Stop striving for perfection. Some things in life do absolutely need to be perfect with life depending on it, but let’s be honest, how often is that the case for us? It is so easy to put things off because you think something needs to be perfect but then you don’t believe you have the skills/time/money/resources to make it so. What I have found to be true, and for so many of the people I work with, is that perfection is subjective and many times you can get away with producing something good enough. I’m not saying produce poor quality work, but is your version of perfection worth the extra effort? Consider what you accept from others: Is every interaction/item/service perfect or is it acceptable, and are you okay with that?
Habit is the key. Did you know that if you can do something consistently for 66 days it becomes a habit? Taking action, no matter how small, will propel you forward. And if you can do a little something every day, it will start to become habitual and then become easier and easier to do.
Play around with ways of working – what time of day do you have the most focus and energy? Are there specific hours or days that you can dedicate to the task in hand? Where is the best place for you to work undisturbed? Who do you need to support you? When are they available? What might get in the way? Use these questions to decide how you will be most productive and what you need to get going. Be realistic about how much time you can spare. Create a regular schedule and STICK TO IT. Prioritise this time. It doesn’t matter if you have unproductive days, but if you are consistent you will absolutely see progress and can watch the excuses slip away.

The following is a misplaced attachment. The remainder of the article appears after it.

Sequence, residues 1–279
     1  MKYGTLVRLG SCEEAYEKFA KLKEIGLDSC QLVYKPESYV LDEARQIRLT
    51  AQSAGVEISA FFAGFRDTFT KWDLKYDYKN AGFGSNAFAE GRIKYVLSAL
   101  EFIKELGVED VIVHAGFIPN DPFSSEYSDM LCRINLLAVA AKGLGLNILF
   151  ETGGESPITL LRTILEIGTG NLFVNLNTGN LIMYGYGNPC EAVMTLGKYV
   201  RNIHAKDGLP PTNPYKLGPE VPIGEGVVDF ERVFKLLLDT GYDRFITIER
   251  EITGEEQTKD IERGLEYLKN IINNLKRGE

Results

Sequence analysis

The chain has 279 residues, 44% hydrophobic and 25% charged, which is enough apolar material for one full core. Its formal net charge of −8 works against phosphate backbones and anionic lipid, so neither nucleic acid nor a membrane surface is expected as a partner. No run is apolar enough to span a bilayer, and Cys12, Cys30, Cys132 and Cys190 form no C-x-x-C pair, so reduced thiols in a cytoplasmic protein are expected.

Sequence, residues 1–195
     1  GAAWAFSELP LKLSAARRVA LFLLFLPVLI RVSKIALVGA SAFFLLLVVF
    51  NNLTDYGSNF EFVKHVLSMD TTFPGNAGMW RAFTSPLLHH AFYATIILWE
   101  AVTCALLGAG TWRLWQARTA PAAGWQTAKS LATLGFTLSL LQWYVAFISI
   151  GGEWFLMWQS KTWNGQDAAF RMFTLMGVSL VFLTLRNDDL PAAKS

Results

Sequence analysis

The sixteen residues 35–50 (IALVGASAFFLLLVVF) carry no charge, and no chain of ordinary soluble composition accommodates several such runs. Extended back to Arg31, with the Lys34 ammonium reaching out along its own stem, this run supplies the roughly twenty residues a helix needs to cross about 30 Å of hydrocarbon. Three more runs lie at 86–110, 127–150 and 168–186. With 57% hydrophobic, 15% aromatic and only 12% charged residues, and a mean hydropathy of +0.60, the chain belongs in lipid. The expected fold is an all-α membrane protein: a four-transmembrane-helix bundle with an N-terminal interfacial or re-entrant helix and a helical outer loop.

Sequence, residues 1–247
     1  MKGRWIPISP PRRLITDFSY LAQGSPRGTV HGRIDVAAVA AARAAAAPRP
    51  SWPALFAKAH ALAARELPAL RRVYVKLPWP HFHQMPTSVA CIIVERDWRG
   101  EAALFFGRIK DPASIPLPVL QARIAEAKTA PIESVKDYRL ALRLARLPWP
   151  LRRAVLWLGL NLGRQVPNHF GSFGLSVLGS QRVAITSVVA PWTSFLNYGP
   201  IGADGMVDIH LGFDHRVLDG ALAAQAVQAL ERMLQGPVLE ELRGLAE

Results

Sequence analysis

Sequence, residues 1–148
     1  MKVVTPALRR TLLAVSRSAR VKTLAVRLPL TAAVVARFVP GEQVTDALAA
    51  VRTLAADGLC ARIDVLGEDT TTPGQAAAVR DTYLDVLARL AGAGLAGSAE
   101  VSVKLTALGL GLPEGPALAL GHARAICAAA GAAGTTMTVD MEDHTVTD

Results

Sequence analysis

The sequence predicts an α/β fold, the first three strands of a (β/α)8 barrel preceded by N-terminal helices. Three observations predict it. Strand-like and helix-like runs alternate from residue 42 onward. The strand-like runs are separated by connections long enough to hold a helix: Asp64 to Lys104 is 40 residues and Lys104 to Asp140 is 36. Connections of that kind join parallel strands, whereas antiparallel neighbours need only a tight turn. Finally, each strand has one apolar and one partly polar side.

Be really clear on your goals and what you are looking to achieve. I know you know this, but just about everyone I know creates non-specific, vague goals (and I can also be guilty of this). In our heads we have an idea of where we are going and what it will look like, but when questioned, find we are unable to drill down into the detail and what we will get from doing it. This is so important. If we can honestly say that we know exactly what we want and we know what’s in it for us, then we usually always have the drive to make it happen one way or another.
When I coach clients, once they have got specific about the goal, they can decide to either do it or ditch it. If you can clearly visualise the end result you will instantly know whether it feels right and you want to do it, or whether you want to take a different approach, or to abandon it altogether! Ultimately, the obstacles start to fall away.
Communication. So often our reasons for delaying taking action are imaginary. We worry what people will think, or believe that we can’t do it, or dread having that sales conversation, or letting people know when they haven’t delivered to a good standard. Lack of communication can turn molehills into mountains. Talk to people! Decide to take the bull by the horns and go to see the person you need to speak to, and do it non-confrontationally. Speak face to face if you can. Hiding behind emails and texts won’t build rapport, and if you can’t speak to someone face to face then try calling. Take the emotion out of all communication and stick to the facts. It really makes a difference and will save you lots of negative energy in the process.